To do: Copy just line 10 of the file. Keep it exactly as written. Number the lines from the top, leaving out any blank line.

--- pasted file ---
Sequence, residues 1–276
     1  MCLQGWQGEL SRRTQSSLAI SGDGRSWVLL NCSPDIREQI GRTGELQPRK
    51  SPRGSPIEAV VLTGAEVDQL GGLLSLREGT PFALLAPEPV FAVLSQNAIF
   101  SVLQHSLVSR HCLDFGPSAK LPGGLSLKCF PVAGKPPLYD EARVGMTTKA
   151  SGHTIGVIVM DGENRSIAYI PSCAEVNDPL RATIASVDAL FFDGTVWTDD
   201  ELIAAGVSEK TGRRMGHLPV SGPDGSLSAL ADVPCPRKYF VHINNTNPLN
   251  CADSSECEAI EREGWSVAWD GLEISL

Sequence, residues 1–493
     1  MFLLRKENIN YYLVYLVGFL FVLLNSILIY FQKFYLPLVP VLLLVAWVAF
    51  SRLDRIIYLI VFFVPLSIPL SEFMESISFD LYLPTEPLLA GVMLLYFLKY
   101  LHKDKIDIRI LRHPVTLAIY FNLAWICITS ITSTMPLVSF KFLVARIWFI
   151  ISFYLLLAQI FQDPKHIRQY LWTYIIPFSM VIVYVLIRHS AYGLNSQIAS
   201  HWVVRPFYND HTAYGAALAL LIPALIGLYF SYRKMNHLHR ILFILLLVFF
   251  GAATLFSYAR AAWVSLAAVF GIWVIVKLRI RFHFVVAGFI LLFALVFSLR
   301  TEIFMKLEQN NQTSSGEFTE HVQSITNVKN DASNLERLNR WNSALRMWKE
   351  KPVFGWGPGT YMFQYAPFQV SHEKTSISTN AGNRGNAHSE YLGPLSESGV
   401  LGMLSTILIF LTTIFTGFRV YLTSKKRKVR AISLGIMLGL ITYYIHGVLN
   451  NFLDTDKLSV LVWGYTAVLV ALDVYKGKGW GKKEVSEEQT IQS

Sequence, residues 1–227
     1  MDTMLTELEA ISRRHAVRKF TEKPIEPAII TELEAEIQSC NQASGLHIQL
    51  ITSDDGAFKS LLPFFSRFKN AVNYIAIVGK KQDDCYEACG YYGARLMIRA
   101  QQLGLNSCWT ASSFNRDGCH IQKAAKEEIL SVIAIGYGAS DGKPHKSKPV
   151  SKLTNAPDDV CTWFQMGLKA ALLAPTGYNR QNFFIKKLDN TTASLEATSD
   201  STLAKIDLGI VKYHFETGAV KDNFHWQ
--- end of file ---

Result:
    51  SRLDRIIYLI VFFVPLSIPL SEFMESISFD LYLPTEPLLA GVMLLYFLKY